The Story of Job

There was a man in the land of Uz whose name was Job. He was a good man and tried to do all that was right in the sight of the Lord. And God gave him ten children: seven boys and three girls. He gave Job great wealth, too, so that there was no man in all that part of the world as rich as he was.

When Job’s sons were grown up and had homes of their own, they used to make feasts in turn, and send for their three sisters to come and eat and drink with them. And Job kept them in mind of all they owed to God, and urged them to lead good and true lives, and to do no wrong.

When Job had lived at his ease and been a rich man for a long term of years, a great change took place. He lost all his wealth, and all his children; for it was God’s will to try him and see how he would bear these ills.

One day one of his men came to him in great haste, and said, While we were in the field with the ploughs, a band of thieves came and drove off the oxen and asses and slew thy men who were with them, and I alone am left to tell thee.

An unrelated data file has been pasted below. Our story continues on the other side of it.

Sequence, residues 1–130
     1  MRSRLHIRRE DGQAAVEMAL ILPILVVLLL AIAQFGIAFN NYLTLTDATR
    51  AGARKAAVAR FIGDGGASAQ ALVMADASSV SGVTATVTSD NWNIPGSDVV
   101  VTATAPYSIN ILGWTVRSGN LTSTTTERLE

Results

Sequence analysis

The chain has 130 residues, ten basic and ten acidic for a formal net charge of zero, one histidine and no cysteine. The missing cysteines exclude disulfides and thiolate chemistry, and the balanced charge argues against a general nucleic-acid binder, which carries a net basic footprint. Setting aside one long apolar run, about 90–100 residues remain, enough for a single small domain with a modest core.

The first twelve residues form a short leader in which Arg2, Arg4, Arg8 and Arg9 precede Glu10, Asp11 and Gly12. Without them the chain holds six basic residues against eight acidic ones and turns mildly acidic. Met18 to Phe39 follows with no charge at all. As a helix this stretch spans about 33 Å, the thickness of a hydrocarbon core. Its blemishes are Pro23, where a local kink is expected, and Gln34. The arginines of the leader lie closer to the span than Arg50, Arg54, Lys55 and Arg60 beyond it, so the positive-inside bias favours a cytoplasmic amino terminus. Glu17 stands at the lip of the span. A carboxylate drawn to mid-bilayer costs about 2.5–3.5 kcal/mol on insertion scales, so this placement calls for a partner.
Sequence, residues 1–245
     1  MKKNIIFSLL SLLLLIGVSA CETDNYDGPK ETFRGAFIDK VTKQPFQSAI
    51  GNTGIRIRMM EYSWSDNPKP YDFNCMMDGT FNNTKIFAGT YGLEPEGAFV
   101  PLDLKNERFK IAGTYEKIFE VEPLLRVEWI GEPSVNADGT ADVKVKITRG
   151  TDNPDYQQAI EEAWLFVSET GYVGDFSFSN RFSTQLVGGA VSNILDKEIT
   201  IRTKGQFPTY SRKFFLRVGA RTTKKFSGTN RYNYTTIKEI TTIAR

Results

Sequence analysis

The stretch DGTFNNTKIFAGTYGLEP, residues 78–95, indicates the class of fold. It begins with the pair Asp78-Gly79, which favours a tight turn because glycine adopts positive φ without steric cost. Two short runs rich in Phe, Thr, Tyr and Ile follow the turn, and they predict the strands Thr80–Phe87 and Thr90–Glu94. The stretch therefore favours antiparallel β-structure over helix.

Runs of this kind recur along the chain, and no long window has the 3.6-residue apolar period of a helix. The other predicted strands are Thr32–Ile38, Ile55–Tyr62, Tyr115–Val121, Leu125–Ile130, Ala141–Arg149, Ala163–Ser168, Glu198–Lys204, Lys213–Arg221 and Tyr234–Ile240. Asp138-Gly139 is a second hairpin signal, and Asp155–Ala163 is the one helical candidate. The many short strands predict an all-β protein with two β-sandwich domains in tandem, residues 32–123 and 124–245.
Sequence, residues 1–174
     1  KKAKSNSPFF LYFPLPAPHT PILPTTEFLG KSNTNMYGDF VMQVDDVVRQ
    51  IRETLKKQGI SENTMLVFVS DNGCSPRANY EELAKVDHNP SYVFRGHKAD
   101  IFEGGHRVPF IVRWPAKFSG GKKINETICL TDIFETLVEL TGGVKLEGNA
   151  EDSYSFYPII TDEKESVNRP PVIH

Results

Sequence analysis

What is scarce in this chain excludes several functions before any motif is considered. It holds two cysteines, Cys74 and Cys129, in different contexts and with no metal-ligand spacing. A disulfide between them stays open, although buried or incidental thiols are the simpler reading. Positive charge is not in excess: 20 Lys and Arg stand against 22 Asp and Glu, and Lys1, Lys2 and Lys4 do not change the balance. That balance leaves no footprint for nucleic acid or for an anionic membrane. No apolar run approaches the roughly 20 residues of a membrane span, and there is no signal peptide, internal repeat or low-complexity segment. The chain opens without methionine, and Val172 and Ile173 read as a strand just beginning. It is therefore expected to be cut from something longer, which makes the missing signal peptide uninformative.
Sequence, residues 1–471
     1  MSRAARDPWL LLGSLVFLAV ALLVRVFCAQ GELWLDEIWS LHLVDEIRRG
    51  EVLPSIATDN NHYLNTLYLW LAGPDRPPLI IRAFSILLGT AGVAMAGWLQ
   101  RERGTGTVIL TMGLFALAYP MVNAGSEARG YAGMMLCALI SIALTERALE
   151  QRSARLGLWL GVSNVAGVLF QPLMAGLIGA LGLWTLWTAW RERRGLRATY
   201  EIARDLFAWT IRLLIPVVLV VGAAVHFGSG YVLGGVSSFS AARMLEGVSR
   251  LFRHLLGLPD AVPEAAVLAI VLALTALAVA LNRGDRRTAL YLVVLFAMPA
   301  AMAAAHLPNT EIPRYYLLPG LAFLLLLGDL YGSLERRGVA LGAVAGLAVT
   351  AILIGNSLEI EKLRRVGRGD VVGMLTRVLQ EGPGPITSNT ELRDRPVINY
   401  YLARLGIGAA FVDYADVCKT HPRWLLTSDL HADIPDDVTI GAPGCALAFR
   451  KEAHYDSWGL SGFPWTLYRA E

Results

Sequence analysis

While this man spoke, there came up one who said, A great fire has come down from the sky and burnt up thy sheep, and all those who took care of them, and I alone am left to tell thee.

While he yet spoke, a third man came and said, Thy foes came and took all thy camels, and slew the men who had charge of them, and I alone am left to tell thee.

Then a fourth came, and said, Thy children were at a feast in the house of thy firstborn son, when there came a great wind that broke down the house, and it fell on the young men and they are all dead, and I alone am left to tell thee.